As a years-long legal battle with McHenry County winds down, nuns operating on property near Marengo may soon be able to construct a proposed boarding school, brewery, winery and gift shop.
A public hearing will be held later this month on a proposed agreement that would allow Fraternite Notre Dame to drastically expand its operations on property it owns near Marengo. The hearing will be held at 10:30 a.m. Oct. 21 at the Stanley J. Roszkowski Federal Courthouse, 327 S. Church St., Rockford. Judge Iain Johnston is presiding over the case in courtroom 5200.
The religious group filed a federal lawsuit alleging religious discrimination against the county in 2015 after officials barred its request for a conditional use permit to carry out plans to add a boarding school, nursing home, winery, brewery and gift shop to its 95 acres at 10002 Harmony Hill Road, south of Marengo and Union.
The proposed agreement states that the county imposed a “substantial burden” on the organization’s religious exercise. The denial of the permit also wasn’t the least restrictive means of furthering any compelling government interest, according to the agreement.
Under a proposed settlement, the group would be allowed to construct a 15,000-square-foot, one-story barn-style building to be used for canning and the production of beer and wine; a 5,000-square-foot gift shop to sell pastries, religious articles and its homemade alcohol and a proposed boarding school. The group must hold off on the nursing home for at least three years after the agreement is approved.
Production traffic from the barn will be limited to four vehicles, controlled by the organization. Outbound production vehicles are limited to a 26-foot box truck, under the proposed agreement.
The three-story boarding school would serve up to 80 children in kindergarten through grade 12 and have a maximum footprint of 28,000 square feet. The building would have separate dorms for boys and girls, under the proposal.
At least 60% of the property would remain undeveloped open space. The organization won’t be allowed to construct any new access roads, but can pave the gravel access point off Harmony Hill Road to improve access to the boarding school, under the proposal.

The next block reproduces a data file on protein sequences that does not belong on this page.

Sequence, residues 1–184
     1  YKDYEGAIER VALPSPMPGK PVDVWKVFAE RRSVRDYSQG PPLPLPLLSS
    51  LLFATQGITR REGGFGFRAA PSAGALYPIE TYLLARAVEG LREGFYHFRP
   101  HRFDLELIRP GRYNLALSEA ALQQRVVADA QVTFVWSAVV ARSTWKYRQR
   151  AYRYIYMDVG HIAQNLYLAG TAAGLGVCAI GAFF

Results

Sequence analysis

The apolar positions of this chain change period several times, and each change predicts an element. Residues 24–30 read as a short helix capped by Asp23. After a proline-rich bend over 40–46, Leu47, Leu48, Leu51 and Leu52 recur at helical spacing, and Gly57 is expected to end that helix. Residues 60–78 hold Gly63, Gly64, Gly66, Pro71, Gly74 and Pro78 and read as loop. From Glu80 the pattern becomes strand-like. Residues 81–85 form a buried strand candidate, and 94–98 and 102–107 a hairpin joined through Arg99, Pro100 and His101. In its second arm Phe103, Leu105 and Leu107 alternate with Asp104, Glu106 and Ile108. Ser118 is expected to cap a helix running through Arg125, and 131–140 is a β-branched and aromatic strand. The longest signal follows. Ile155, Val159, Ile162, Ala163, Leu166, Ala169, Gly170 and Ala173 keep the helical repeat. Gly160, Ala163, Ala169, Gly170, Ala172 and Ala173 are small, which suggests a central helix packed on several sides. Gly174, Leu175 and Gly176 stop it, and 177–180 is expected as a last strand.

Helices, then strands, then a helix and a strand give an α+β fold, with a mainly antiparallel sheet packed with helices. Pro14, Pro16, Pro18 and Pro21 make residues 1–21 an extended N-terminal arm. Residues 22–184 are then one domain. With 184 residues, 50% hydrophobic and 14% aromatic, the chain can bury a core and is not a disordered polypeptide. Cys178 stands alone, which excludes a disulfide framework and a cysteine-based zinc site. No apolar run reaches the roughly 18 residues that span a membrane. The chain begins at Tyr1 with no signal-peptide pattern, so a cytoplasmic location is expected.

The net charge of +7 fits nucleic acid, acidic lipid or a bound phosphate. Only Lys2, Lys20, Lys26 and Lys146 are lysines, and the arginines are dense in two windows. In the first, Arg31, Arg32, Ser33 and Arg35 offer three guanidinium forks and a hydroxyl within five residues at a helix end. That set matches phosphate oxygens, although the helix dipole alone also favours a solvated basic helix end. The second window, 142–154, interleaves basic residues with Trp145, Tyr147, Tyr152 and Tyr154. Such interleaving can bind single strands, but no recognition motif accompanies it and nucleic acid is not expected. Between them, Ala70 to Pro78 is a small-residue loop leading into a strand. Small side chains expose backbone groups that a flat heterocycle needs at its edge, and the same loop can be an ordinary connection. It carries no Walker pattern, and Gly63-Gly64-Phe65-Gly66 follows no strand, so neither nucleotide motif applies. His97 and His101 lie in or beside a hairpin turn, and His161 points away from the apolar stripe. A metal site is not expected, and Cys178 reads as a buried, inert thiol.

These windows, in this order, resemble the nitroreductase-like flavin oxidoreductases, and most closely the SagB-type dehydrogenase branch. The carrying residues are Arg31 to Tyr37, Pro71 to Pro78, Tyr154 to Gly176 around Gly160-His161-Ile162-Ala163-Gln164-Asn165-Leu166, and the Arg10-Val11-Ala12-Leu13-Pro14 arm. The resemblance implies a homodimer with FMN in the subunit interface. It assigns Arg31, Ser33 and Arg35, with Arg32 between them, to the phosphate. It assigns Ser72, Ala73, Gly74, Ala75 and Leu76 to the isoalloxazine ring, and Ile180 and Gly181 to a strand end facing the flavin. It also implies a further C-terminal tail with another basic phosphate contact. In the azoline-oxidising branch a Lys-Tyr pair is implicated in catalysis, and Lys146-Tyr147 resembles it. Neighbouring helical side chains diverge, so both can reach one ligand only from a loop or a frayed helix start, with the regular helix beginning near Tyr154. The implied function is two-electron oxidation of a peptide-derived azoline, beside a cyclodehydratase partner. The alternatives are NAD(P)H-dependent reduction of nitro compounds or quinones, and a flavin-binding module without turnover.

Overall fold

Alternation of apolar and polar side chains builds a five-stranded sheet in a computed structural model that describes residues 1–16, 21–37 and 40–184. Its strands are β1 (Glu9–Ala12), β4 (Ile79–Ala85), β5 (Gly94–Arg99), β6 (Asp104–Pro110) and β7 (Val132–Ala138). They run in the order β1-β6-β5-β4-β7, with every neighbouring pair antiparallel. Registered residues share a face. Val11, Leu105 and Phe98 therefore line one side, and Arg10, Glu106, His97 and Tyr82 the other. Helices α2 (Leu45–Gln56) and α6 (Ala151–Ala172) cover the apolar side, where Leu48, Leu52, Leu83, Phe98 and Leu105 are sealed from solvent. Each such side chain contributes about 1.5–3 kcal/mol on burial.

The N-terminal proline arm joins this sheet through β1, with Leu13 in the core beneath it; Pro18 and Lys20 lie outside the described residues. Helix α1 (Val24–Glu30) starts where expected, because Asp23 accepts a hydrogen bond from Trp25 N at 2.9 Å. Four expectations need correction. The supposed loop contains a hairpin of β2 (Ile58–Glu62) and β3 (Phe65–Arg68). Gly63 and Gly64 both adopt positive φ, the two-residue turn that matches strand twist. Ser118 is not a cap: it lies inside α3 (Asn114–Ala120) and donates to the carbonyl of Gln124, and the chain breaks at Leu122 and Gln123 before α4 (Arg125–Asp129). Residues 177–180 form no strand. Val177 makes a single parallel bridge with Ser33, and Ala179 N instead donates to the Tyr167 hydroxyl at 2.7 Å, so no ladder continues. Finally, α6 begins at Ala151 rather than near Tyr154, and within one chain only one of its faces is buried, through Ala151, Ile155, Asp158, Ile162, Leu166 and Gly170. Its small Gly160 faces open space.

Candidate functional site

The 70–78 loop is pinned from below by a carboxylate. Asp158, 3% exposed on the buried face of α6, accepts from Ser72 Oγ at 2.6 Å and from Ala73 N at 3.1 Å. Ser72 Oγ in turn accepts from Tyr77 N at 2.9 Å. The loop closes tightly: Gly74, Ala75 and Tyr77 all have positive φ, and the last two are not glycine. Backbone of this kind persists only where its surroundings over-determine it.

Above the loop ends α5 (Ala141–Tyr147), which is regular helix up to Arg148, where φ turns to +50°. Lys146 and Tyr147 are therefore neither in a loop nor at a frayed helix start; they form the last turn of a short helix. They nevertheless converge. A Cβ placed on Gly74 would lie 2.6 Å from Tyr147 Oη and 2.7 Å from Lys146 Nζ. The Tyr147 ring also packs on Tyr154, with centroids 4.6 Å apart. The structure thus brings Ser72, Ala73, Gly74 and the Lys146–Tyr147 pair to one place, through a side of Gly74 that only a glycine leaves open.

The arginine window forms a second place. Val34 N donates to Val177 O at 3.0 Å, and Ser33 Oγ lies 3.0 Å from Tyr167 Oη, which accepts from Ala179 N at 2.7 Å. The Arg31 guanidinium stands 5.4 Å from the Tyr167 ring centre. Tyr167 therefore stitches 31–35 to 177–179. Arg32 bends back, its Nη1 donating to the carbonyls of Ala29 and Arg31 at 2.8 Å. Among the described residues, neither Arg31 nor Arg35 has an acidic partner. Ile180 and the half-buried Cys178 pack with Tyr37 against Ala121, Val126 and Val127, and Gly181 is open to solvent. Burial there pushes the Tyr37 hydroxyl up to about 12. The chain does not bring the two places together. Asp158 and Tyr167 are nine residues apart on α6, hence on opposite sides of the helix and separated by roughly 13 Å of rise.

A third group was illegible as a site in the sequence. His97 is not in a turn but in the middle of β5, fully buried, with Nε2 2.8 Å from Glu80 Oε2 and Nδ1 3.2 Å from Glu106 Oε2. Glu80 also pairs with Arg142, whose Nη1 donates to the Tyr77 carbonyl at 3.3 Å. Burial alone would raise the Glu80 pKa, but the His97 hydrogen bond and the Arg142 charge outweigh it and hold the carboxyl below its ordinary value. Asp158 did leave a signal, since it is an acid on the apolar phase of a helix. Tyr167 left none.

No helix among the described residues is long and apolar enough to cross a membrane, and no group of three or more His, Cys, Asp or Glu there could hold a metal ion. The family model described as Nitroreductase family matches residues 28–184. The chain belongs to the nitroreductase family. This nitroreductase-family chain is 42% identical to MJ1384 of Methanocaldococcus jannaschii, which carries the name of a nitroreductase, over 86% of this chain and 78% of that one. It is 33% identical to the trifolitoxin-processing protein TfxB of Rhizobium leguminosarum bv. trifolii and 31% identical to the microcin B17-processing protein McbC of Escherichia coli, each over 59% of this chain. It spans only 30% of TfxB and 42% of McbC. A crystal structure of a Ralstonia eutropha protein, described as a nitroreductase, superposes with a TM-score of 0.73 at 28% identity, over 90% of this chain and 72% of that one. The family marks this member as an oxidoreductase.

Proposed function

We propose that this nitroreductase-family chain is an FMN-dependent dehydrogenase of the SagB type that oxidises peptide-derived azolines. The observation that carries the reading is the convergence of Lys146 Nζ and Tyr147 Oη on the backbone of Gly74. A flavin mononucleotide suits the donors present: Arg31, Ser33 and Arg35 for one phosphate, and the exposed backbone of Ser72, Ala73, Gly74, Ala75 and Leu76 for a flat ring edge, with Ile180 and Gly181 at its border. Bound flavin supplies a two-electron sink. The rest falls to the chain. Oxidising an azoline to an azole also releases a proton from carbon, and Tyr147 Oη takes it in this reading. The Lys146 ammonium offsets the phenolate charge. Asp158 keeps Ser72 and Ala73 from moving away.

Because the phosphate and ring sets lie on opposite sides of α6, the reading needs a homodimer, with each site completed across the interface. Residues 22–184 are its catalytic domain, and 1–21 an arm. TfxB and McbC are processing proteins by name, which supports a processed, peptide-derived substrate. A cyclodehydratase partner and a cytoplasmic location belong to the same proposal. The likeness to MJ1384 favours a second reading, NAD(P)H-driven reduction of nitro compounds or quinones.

Fraternite Notre Dame isn’t required to begin construction within a specific time period but must finish whatever it starts within five years. Construction must begin once a building permit is issued, under the proposal.
The organization also would agree not to request permission to construct or operate a nursing home on the property for three years, under the proposal.
The organization alleged that the county discriminated against it as a religious institution and violated the Equal Protections clause of the 14th Amendment to the U.S. Constitution, the federal Religious Land Use and Institutionalized Persons Act and the state Religious Freedom Restoration Act.
The board said the decision was based on the belief that the proposed expansion would not be a good fit for the rural, agricultural area.
McHenry County first granted the organization permission to build a chapel, convent, monastery and bakery on the property in 2005. Neighbors have complained about the operation, and more than 800 people signed a petition opposing the expansion in 2015.
County records show that the organization acquired more property near Marengo in 2017.
Fraternite Notre Dame was founded in 1977 by French Bishop Jean Marie, who claims that he received divine inspiration from the Virgin Mary to help the disadvantaged. The order identifies as Catholic, but it is not recognized by the Vatican.
McHenry County Board Chairman Jack Franks declined to comment on the matter.
Written comments on the proposed agreement must be received by 5 p.m. Friday, reference Case No. CV 50312 and be mailed to the clerk’s office for filing at the following address: USDC Clerk’s Office, 2nd Floor, 327 S. Church St., Rockford. 61101.